This is how most contemporary political rhetoric sounds to me.

It is how a fair amount of Facebook status updates sound to me - whether the prejudices reflected are conservative or liberal/progressive.

Even more sadly, it is also how too much of the 'conversation' on church blogs and listserves sounds to me.

Daniel Kahneman, a Nobel Laureate and professor of psychology at Princeton has spent decades studying how the brain - and our reasoning with it - actually works. The results are unsettling. Some of th results were described in a recent article in the New Yorker, Why Smart People Are Stupid,

Perhaps our most dangerous bias is that we naturally assume that everyone else is more susceptible to thinking errors, a tendency known as the “bias blind spot.” This “meta-bias” is rooted in our ability to spot systematic mistakes in the decisions of others—we excel at noticing the flaws of friends—and inability to spot those same mistakes in ourselves. Although the bias blind spot itself isn’t a new concept, West’s latest paper demonstrates that it applies to every single bias under consideration, from anchoring to so-called “framing effects.” In each instance, we readily forgive our own minds but look harshly upon the minds of other people.

And here’s the upsetting punch line: intelligence seems to make things worse. The scientists gave the students four measures of “cognitive sophistication.” As they report in the paper, all four of the measures showed positive correlations, “indicating that more cognitively sophisticated participants showed larger bias blind spots.” This trend held for many of the specific biases, indicating that smarter people (at least as measured by S.A.T. scores) and those more likely to engage in deliberation were slightly more vulnerable to common mental mistakes. Education also isn’t a savior; as Kahneman and Shane Frederick first noted many years ago, more than fifty per cent of students at Harvard, Princeton, and M.I.T. gave the incorrect answer to the bat-and-ball question.

I am reminded of St. Paul's assertion, “Knowledge puffs up, but love builds up. Anyone who claims to know something does not yet have the necessary knowledge; but anyone who loves God is known by him.” (1 Corinthians 8:1-3)

Given that we are all fallible and sinful, we will probably never, this side of the kingdom of God, be free of blind spots in our reasoning. But, I think we can begin to take them into account sften their effects.

Cultivating humility is one way. Again from St. Paul,

If then there is any encouragement in Christ, any consolation from love, any sharing in the Spirit, any compassion and sympathy, make my joy complete: be of the same mind, having the same love, being in full accord and of one mind. Do nothing from selfish ambition or conceit, but in humility regard others as better than yourselves. Let each of you look not to your own interests, but to the interests of others. (Philippians 2:1-3)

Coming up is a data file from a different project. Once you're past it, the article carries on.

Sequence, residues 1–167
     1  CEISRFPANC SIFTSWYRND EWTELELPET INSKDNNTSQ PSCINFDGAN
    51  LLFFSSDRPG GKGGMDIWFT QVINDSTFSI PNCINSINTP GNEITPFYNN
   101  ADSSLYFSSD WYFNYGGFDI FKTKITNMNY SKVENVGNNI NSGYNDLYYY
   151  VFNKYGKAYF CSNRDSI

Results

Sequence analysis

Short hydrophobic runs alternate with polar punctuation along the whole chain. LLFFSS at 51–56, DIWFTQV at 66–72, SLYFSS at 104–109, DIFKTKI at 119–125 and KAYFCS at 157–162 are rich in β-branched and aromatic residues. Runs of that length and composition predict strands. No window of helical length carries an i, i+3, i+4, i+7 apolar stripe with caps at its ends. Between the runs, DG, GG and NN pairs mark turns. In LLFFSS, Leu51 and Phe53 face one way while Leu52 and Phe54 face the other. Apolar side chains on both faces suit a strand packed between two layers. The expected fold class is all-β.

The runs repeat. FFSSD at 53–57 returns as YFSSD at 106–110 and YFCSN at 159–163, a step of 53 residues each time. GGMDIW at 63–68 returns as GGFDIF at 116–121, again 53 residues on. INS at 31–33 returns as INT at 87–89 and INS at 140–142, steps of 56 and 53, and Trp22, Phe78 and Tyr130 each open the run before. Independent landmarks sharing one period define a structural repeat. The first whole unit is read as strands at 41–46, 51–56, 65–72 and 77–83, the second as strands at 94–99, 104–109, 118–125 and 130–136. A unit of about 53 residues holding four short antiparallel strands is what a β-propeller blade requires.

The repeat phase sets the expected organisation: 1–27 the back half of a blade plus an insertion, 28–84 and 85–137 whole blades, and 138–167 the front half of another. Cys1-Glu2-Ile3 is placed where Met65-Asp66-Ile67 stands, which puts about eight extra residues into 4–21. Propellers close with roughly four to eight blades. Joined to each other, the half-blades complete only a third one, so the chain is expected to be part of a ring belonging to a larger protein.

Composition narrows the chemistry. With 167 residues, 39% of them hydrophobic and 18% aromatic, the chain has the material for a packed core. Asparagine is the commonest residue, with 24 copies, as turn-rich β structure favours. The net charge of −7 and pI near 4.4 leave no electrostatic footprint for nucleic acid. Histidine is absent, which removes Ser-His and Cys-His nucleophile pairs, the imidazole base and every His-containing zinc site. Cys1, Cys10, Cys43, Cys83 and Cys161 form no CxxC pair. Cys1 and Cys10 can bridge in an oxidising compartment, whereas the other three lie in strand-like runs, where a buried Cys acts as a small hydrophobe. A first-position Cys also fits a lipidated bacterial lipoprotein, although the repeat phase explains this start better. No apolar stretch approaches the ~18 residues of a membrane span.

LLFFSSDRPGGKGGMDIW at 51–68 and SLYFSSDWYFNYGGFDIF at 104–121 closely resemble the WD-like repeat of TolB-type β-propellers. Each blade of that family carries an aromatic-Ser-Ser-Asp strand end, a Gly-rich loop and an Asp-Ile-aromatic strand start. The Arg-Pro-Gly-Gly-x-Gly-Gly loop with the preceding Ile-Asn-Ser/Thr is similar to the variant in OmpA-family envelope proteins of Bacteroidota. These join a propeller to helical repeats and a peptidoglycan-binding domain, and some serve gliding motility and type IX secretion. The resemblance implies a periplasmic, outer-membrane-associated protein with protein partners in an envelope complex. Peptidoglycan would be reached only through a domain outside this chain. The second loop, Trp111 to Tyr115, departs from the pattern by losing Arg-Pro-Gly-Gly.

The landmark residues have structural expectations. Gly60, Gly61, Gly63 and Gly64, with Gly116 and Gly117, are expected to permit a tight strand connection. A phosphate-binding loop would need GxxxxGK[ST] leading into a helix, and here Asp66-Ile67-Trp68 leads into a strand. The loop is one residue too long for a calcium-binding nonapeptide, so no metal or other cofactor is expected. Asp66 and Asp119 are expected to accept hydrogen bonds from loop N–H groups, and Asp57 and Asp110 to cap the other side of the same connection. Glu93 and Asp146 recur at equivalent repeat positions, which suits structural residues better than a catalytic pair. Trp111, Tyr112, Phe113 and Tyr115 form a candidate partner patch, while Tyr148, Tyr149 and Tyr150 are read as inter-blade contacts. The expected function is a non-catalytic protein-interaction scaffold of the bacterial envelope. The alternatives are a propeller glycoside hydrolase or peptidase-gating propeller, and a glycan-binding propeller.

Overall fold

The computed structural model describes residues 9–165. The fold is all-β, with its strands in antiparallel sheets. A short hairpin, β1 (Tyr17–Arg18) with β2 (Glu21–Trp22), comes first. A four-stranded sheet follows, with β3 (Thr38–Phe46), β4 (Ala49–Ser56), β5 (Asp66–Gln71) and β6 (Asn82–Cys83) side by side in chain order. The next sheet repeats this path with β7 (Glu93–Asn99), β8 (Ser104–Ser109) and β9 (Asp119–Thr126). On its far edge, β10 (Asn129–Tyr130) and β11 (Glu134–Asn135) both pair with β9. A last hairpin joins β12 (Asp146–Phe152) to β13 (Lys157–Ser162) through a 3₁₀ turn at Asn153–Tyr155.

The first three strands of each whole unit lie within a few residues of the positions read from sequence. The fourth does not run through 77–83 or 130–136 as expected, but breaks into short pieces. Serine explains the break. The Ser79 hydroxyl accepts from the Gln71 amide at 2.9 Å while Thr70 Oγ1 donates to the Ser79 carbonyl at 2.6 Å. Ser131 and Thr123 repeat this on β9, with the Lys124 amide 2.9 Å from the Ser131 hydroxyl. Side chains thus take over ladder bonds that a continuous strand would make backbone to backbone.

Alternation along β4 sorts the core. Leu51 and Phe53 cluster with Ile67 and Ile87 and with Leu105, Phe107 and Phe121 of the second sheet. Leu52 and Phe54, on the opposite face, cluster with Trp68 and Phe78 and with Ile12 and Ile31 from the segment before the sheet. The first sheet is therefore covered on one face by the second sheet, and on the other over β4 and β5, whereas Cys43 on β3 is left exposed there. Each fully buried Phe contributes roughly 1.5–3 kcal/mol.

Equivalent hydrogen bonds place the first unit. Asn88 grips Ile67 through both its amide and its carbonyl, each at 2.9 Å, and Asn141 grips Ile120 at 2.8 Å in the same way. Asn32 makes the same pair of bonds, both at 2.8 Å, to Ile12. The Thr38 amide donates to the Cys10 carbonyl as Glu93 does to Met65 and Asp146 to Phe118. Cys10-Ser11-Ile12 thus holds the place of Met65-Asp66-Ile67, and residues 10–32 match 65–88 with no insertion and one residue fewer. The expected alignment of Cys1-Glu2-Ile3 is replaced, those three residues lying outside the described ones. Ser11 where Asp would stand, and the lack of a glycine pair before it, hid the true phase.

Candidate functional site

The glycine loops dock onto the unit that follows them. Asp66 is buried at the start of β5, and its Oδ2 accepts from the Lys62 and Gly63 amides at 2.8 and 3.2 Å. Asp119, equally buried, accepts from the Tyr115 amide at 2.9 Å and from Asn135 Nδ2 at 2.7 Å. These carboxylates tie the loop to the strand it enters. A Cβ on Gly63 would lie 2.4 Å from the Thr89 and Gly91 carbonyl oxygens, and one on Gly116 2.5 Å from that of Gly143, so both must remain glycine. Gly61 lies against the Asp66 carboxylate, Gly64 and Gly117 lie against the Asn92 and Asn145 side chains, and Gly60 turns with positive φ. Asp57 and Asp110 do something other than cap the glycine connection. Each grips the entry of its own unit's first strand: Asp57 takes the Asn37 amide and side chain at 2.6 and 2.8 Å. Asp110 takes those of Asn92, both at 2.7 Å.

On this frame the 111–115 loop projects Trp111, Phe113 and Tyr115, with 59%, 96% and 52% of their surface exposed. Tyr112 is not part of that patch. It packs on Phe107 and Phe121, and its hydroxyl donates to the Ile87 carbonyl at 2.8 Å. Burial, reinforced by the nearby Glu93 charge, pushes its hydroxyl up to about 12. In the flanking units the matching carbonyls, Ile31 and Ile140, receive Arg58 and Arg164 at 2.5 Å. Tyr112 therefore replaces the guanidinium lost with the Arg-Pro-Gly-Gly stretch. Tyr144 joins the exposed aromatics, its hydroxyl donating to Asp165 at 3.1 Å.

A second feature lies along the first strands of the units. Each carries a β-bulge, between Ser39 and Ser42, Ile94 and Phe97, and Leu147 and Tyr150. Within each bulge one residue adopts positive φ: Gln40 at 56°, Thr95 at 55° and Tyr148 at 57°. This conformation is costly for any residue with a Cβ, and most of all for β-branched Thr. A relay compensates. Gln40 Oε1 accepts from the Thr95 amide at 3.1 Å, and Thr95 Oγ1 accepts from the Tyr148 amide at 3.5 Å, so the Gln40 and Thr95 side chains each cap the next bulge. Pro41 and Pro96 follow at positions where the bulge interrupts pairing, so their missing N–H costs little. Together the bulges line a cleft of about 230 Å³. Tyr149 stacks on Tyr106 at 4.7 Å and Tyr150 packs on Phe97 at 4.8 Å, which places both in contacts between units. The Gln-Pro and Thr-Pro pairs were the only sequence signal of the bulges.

It is good for us all to remember continually that each of us is blind, and thuswe should be very slow to judge others. For judging others is a fearful thing. Jesus said,

Do not judge, and you will not be judged; do not condemn, and you will not be condemned. Forgive, and you will be forgiven; give, and it will be given to you. A good measure, pressed down, shaken together, running over, will be put into your lap; for the measure you give will be the measure you get back." He also told them a parable: "Can a blind person guide a blind person? Will not both fall into a pit? A disciple is not above the teacher, but everyone who is fully qualified will be like the teacher. Why do you see the speck in your neighbor's eye, but do not notice the log in your own eye? Or how can you say to your neighbor, "Friend, let me take out the speck in your eye,' when you yourself do not see the log in your own eye? You hypocrite, first take the log out of your own eye, and then you will see clearly to take the speck out of your neighbor's eye. (Luke 6:37-42)

The Church Year and the Lectionary Commentary – 12th Ordinary (Day 1)

2 Corinthians 6:1-13

6 1 Since we work together with him, we are also begging you not to receive the grace of God in vain. 2 He says, I listened to you at the right time, and I helped you on the day of salvation. Look, now is the right time! Look, now is the day of salvation!
3 We don’t give anyone any reason to be offended about anything so that our ministry won’t be criticized. 4 Instead, we commend ourselves as ministers of God in every way. We did this with our great endurance through problems, disasters, and stressful situations. 5 We went through beatings, imprisonments, and riots. We experienced hard work, sleepless nights, and hunger. 6 We displayed purity, knowledge, patience, and generosity. We served with the Holy Spirit, genuine love, 7 telling the truth, and God’s power. We carried the weapons of righteousness in our right hand and our left hand. 8 We were treated with honor and dishonor and with verbal abuse and good evaluation. We were seen as both fake and real, 9 as unknown and well known, as dying—and look, we are alive! We were seen as punished but not killed, 10 as going through pain but always happy, as poor but making many rich, and as having nothing but owning everything.
11 Corinthians, we have spoken openly to you, and our hearts are wide open. 12 There are no limits to the affection that we feel for you. You are the ones who placed boundaries on your affection for us. 13 But as a fair trade—I’m talking to you like you are children—open your hearts wide too.

2 Corinthians 6:1-13
Commentary on Second Reading by Elisabeth Johnson

Paul's theme of reconciliation, begun in 5:11-21, continues in 6:1-13, as Paul appeals to the estranged Corinthian congregation to be reconciled to God and to himself.

In the ancient world, responsibility for initiating the mending of a ruptured relationship was understood to rest with the injuring party. In political contexts, this work was normally entrusted to an ambassador. Paul sees that in Christ, God completely overturns conventional expectations.